Camel caravan

Camel caravan
Mosaic from Deir al-Adas, Syria, 8th century (photo: J.C.Meyer)
The research project Mechanisms of cross-cultural interaction: Networks in the Roman Near East (2013-2016) investigates the resilient everyday ties, such as trade, religion and power, connecting people within and across fluctuating imperial borders in the Near East in the Roman Period. The project is funded under the Research Council of Norway's SAMKUL initiative, and hosted by the Department of archaeology, history, cultural studies and religion, University of Bergen, Norway.

Project manager / blog editor:

Thursday, 28 April 2016

New publication on Palmyra

Together with colleagues Jørgen Christian Meyer and Nils Anfinset I have a new edited book out. Very little networks, but lots of Roman Near East. These are the proceedings of a conference we hosted at the Norwegian Institute in Athens in December 2012 as a part of a research project on Palmyra. It brings together results of international fieldwork and research on the Syrian caravan city until the start of the Syrian civil war. The book can be bought in paper or as e-book from Archaeopress. See their web-site for full details on contents. 

Tuesday, 29 March 2016

Petition without Response: Diplomatic Language in the Christian Apologists

'a rescript from Hadrian in Justin Martyr's 1 Apology, in the medieval manuscript Parisinus graecus 450, fol. 239
(Source: 
gallica.bnf.fr / Bibliothèque nationale de France)

By Birgit van der Lans

The Easter break – when Norwegian cities depopulate but the traditional Påskekrimi provides for some excitement – gave me opportunity to write a few words to introduce myself and my research on this blog. For about two months now I have very much enjoyed being associated with the NeRoNe project, after moving from Groningen to Bergen to join the research group "Ancient History, Culture and Religion" as a guest researcher. The coming year I will be working on a project (funded by a contribution from the Niels Stensen Fellowship) on the roles and expressions of religion in the diplomatic networks of the early Roman Empire.

Birgit van der Lans joins the
NeRoNE group as a guest-
researcher for 2016.
When we think about ‘diplomacy’, we associate it with international relations, with foreign affairs and with a professional diplomatic service to negotiate relationships between autonomous nation states. In the context of the Roman Empire – as Fergus Millar has made clear – the distinction between external diplomacy and internal affairs is less appropriate. The relationship between Rome and the local polities that had become part of the Empire was managed by a system of ‘internal diplomacy’ in which the emperor and other Roman officials received embassies and responded to the countless demands and requests by very different types of subjects.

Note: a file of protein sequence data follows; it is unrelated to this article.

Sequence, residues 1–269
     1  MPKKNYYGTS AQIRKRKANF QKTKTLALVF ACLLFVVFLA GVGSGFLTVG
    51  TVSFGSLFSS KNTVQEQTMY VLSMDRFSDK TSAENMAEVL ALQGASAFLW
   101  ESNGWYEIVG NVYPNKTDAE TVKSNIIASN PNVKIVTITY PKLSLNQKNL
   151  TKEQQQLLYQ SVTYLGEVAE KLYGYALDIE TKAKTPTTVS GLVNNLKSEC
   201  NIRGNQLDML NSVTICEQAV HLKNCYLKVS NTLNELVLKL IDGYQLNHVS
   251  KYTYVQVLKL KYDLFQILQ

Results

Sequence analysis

Just like contemporary diplomatic practice is no longer the exclusive terrain of nation states, the social agents who took part in diplomatic exchange were diverse: besides cities, provincial councils or client kingdoms, embassies were dispatched by local religious associations, ethnic communities, and the ‘world-wide’ organisations of athletes and theatrical performers. City magistrates, high priests presiding over different sorts of associations and skilled rhetors were selected as envoys and amassed prestige by acting as brokers. Diplomatic connections were formed by such travelling persons, but also by the exchange of written documents: petitions, honorific decrees and imperial rescripts were copied, circulated, archived and displayed by interested parties.

This complex administrative system can be analysed as a social network with nodes, hubs, edges and clusters and flows. I think that the network perspective helps us to understand change and continuity in the imperial administration, but I will be looking mainly for the religious practices, concepts and agents that constituted – or impeded – diplomatic relations.

My chronological focus will be on the Hadrianic-Antonine period, when Christians began to participate in diplomatic networks – or at least claimed to do. From the second century onwards we hear of several Christians - Justin Martyr, Melito of Sardis, Athenagoras of Athens, among others – who addressed petitions to the emperor and used diplomatic forms and language to package ‘apologetic’ writings, in which they defended Christianity against accusations of atheism, incest and cannibalism. I suspect that the activities of these new diplomatic agents, who can be placed among other ‘intellectual’ diplomats associated with the Second Sophistic, offer a fruitful entry point to understand the intersection of religious and diplomatic networks in this period.